(Reuters Health) - More teenage girls and young women in rural communities become pregnant for the first time on purpose and carry first pregnancies to term, compared to their urban counterparts, a U.S. study suggests.
Both trends may reflect poorer access for rural teens and young women to family planning options, researchers conclude in the American Journal of Public Health.
The study team examined more than two decades of data on first pregnancies for teens ages 15 to 19 and young women ages 20 to 24. Overall, 25% of rural teens and 55% of rural young women planned their first pregnancies, compared with 21% of urban teens and 47% of urban young women.
Among teens with unintended first pregnancies, 74% in rural areas had live births compared with 63% in urban areas, the study also found. And among young women in their early 20s with unintended first pregnancies, 73% of rural women had live births compared with 54% of urban women.
Unintended first pregnancies were terminated by 7% of rural teens and 16% of urban teens, and by 6% of young women in rural areas, compared with 15% in cities.
“Urban-rural disparities are perhaps less tied today than in the past to individual sociodemographic factors,” lead study author April Sutton of the University of San Diego in La Jolla, California, and colleagues write.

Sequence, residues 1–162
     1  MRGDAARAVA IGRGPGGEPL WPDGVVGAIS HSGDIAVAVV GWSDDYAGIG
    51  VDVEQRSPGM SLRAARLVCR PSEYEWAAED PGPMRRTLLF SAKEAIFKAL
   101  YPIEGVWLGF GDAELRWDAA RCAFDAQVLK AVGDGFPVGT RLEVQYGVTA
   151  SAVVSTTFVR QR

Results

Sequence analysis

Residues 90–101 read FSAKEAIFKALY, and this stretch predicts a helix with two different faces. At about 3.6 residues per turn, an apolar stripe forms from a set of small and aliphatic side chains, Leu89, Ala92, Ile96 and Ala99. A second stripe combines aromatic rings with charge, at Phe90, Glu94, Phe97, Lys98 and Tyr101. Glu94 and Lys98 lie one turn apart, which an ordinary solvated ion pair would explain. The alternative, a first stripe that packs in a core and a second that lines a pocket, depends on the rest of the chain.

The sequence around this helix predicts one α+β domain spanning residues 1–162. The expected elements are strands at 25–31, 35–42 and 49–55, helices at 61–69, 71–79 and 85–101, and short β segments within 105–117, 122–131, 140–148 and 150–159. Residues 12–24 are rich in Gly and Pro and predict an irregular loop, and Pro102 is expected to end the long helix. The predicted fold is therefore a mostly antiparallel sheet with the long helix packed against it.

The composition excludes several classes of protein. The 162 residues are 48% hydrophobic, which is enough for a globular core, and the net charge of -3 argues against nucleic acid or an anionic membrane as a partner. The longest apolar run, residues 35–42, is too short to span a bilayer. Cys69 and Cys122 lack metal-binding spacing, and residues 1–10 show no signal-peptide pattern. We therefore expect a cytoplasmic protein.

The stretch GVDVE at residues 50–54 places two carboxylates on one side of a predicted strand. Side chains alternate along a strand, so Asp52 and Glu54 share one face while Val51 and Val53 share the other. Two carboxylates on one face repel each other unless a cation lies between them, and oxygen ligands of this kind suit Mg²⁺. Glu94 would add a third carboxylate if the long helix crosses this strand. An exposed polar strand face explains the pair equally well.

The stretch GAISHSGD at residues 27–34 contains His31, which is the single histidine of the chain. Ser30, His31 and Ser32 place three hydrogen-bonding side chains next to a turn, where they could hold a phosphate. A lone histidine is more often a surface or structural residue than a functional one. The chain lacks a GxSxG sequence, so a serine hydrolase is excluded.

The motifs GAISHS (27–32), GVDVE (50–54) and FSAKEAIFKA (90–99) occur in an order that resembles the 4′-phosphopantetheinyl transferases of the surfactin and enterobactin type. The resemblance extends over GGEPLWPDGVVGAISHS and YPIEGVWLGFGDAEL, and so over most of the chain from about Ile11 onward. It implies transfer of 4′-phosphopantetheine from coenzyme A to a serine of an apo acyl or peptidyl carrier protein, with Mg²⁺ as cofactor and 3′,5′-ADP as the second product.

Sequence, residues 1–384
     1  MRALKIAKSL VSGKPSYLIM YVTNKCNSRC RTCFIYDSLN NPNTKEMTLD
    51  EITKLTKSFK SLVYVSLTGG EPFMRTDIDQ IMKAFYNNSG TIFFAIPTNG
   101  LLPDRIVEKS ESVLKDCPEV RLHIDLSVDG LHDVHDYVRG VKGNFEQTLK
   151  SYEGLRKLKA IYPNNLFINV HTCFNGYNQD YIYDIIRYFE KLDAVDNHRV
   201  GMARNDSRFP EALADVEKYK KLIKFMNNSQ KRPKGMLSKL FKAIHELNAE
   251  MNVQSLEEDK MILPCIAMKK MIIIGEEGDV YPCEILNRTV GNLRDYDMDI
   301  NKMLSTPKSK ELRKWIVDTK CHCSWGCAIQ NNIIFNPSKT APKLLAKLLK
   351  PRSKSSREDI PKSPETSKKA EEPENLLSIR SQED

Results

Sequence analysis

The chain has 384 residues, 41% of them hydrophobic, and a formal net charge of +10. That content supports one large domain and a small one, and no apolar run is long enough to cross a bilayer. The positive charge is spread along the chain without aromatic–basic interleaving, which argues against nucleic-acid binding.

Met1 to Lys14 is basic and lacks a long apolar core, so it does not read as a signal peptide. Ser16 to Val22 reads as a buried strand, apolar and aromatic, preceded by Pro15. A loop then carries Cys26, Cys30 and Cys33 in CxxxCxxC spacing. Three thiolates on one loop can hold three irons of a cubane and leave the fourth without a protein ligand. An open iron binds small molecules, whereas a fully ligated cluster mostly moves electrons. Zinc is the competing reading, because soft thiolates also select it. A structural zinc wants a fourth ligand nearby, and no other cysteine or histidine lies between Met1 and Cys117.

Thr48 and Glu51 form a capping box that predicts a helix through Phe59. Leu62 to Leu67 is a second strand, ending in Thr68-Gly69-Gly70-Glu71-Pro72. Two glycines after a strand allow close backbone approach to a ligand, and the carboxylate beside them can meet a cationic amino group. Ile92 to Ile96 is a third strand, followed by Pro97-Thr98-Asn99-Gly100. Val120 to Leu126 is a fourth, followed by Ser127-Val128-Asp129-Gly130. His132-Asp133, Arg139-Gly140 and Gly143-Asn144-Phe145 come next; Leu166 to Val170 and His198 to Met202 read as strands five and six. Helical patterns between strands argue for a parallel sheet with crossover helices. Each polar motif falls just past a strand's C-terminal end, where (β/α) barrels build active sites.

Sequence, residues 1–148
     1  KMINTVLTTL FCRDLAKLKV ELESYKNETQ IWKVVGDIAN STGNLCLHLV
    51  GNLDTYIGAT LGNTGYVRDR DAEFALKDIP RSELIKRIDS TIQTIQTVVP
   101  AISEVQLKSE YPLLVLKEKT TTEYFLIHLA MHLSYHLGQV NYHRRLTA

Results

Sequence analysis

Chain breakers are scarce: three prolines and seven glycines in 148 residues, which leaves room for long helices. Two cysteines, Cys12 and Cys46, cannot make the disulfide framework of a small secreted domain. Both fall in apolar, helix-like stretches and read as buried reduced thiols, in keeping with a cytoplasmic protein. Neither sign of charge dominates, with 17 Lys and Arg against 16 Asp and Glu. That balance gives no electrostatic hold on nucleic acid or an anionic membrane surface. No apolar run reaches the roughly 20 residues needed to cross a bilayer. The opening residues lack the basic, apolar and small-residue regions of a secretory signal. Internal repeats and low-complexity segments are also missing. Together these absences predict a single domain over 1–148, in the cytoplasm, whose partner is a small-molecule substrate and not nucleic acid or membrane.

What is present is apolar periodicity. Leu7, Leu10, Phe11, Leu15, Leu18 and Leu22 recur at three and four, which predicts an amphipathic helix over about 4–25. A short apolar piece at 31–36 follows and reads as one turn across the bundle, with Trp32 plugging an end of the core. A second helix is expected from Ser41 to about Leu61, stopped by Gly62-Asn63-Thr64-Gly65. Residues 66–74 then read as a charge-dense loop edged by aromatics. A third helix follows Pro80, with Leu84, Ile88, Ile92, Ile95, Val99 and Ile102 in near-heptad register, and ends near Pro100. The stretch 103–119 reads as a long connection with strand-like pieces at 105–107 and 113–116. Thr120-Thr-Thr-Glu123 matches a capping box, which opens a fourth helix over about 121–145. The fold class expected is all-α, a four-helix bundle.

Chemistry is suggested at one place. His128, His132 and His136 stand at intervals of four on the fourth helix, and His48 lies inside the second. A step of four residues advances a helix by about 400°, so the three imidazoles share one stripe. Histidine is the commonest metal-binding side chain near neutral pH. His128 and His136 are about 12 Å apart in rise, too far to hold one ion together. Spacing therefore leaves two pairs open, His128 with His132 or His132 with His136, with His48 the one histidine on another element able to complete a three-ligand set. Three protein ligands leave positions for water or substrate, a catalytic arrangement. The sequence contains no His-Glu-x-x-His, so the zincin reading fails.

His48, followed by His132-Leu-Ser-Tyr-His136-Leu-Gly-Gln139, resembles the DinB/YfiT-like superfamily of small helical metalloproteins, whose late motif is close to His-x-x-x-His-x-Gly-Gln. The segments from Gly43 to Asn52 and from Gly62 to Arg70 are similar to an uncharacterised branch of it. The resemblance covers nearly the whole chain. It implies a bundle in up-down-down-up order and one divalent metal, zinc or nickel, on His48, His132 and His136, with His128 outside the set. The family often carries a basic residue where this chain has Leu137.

“Issues such as geographic access and isolation in health care - including reproductive health care - may instead represent an important dimension of the new geography of exclusion,” Sutton and colleagues write. “For rural women, the long-run costs of unintended pregnancies seem most germane, especially because unintended child-bearing has negative consequences for educational attainment, earnings, and maternal and child health.”
Pregnancy outcomes also appeared to vary by race and location.
About 60% of rural black and Hispanic teens’ first pregnancies were unintended and ended with live births, compared with 45% of white teens’ pregnancies in cities, the study found.
Among rural black teens, just 4% of pregnancies were unintended and resulted in abortions, compared with 20% among urban black adolescents.
The proportion of unintended pregnancies ending in live births was similar for black urban teens and white rural adolescents, at 51% and 52%, respectively.
One limitation of the study is that it’s possible that some survey participants didn’t disclose abortions, leading to an overcount of the proportion of pregnancies resulting in live births, the study authors note.
Even so, the results underscore that differences in pregnancy outcomes and reproductive health options may contribute to health disparities between rural and urban women, the researchers conclude.
SOURCE: bit.ly/2r9ukzv American Journal of Public Health, online October 17, 2019.